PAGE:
For intercept of satellite traffic (SHF), 1 the most important sources of information are the satellite groundstations in Zoutkamp (Groningen, Netherlands), and – since 2006 – an additional one in nearby Burum (Friesland). For interception of high frequency (HF) 2 radio traffic, the organisation relies on its monitoring stations in Eemnes (Utrecht) and Eibergen (Gelderland) and, since 1963, in the Caribbean – at Curaçao 3 – with Venezuela and Cuba as main targets [5].

  1. SHF = Super High Frequency (3-30 GHz)
  2. HF = High Frequency (3-30 MHz)  Wikipedia
  3. Closed on 1 July 1990 [14] around the same time as a listening post was opened in French Guiana [15].

SVIC has several partnerships with foreign sister organisations, most of which are bilateral and should be considered secret. According to Gerhard Piper in [8], WKC/TIVC had a bilaterial partner­ship with Germany since 1967. In April 2020, Dutch Professor of computer security Dr. Bart Jacobs revealed that since 1978, TIVC has a secret partnership with Denmark, Sweden, Germany and France, under the name MAXIMATOR [5]. This partnership is now widely regarded as the European equivalent of the UKUSA Fives Eyes alliance, and is active to this day (2020).

So far, the following partnerships are publicly known:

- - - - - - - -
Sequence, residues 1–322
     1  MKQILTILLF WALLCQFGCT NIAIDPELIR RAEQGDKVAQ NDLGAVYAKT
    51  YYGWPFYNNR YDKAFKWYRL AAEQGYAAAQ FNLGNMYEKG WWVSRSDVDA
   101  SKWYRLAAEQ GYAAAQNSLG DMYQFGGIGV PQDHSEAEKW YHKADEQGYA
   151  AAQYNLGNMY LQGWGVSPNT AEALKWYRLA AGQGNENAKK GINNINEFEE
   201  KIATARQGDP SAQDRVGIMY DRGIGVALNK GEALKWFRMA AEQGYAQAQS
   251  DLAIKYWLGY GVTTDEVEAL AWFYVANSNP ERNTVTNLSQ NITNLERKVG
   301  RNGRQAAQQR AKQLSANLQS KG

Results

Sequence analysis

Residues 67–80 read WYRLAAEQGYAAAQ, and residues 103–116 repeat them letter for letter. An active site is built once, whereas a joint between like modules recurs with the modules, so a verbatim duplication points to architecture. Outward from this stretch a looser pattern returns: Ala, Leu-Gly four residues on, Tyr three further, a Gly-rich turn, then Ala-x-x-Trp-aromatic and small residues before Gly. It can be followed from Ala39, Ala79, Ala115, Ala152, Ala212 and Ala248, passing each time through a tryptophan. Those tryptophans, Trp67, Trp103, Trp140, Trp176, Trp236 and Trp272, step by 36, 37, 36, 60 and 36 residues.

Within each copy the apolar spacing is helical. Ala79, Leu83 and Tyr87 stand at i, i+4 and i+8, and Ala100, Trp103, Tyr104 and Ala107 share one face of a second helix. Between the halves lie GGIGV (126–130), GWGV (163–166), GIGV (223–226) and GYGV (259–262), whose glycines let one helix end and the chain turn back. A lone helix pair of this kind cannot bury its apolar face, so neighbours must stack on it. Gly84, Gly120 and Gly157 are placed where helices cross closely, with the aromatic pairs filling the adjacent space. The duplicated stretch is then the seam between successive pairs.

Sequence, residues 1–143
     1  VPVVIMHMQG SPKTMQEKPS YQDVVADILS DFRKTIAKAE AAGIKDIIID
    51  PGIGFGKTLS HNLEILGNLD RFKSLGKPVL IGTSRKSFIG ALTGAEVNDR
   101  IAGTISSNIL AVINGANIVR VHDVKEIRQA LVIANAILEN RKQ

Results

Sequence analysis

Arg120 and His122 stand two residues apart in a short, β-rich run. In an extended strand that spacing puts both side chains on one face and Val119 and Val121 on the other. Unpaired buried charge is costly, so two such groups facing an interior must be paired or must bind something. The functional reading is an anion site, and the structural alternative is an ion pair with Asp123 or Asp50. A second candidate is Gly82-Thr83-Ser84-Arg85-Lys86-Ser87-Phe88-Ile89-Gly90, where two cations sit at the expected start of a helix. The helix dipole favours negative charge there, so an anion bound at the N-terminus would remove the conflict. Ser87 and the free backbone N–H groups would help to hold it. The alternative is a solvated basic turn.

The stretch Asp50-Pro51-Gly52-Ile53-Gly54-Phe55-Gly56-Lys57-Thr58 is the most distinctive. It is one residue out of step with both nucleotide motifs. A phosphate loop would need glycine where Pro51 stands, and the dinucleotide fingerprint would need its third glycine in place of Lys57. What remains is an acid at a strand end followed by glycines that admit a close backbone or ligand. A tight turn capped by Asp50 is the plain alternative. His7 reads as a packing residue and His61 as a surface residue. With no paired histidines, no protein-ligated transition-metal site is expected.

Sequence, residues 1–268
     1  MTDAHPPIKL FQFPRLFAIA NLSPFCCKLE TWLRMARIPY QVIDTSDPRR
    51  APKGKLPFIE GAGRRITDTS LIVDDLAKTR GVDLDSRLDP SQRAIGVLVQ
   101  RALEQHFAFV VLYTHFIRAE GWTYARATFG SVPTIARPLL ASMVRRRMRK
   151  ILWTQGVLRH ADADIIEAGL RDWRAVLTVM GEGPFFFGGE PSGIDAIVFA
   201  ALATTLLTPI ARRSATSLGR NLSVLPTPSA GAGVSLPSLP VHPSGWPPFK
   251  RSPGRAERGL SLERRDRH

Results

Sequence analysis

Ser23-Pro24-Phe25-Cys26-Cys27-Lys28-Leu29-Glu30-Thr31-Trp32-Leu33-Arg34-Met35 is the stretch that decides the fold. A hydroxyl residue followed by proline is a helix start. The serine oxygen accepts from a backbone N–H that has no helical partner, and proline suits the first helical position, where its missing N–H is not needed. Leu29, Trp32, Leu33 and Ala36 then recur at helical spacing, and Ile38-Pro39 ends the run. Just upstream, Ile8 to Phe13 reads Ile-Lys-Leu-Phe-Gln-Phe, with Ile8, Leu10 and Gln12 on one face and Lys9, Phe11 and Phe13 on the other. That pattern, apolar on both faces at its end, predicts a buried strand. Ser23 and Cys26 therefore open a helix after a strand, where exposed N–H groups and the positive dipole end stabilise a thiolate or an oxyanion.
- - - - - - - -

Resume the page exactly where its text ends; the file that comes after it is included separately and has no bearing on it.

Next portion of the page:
The most important task of WKC/TIVC/SVIC is traffic-analysis and crypto-analysis, commonly known as codebreaking. As part of its partnership in the MAXIMATOR alliance, it was capable of deciphering the (mostly diplomatic) traffic from nearly 75 countries for more than 50 years [5].

Aroflex was a successful electronic cipher machine, developed in the late 1970s by Philips Usfa in The Netherlands, for exclusive use by NATO. The device used a secure Philips-developed hard­ware-based encryption algorithm that had been approved by NATO's evaluation authority SECAN.

With NATO's consent, Philips also produced variants for internal communications of certain countries, such as the Dutch Police and the Dutch Ministry of Foreign affairs. Even Austria — not a NATO member — was allowed to use Aroflex for its secure internal communications.

But there were also versions of Aroflex that were rigged in such a way, that they became friendly. In other words: that their traffic was readable (breakable) by certain intelligence agencies. This machine was known as the T-1000/CA and was officially sold by Siemens as the civil version.
Philips Aroflex

The T-1000/CA was internally known by its nickname 'Beroflex', and used a hardware-based crypto-logic (at the time known as a crypto-heart), implemented in custom chips, that were developed with help from TIVC. Philips had also developed its own rigged algorithm, but choose to implement the TIVC one, as it involved the least modification of the existing Aroflex design [5].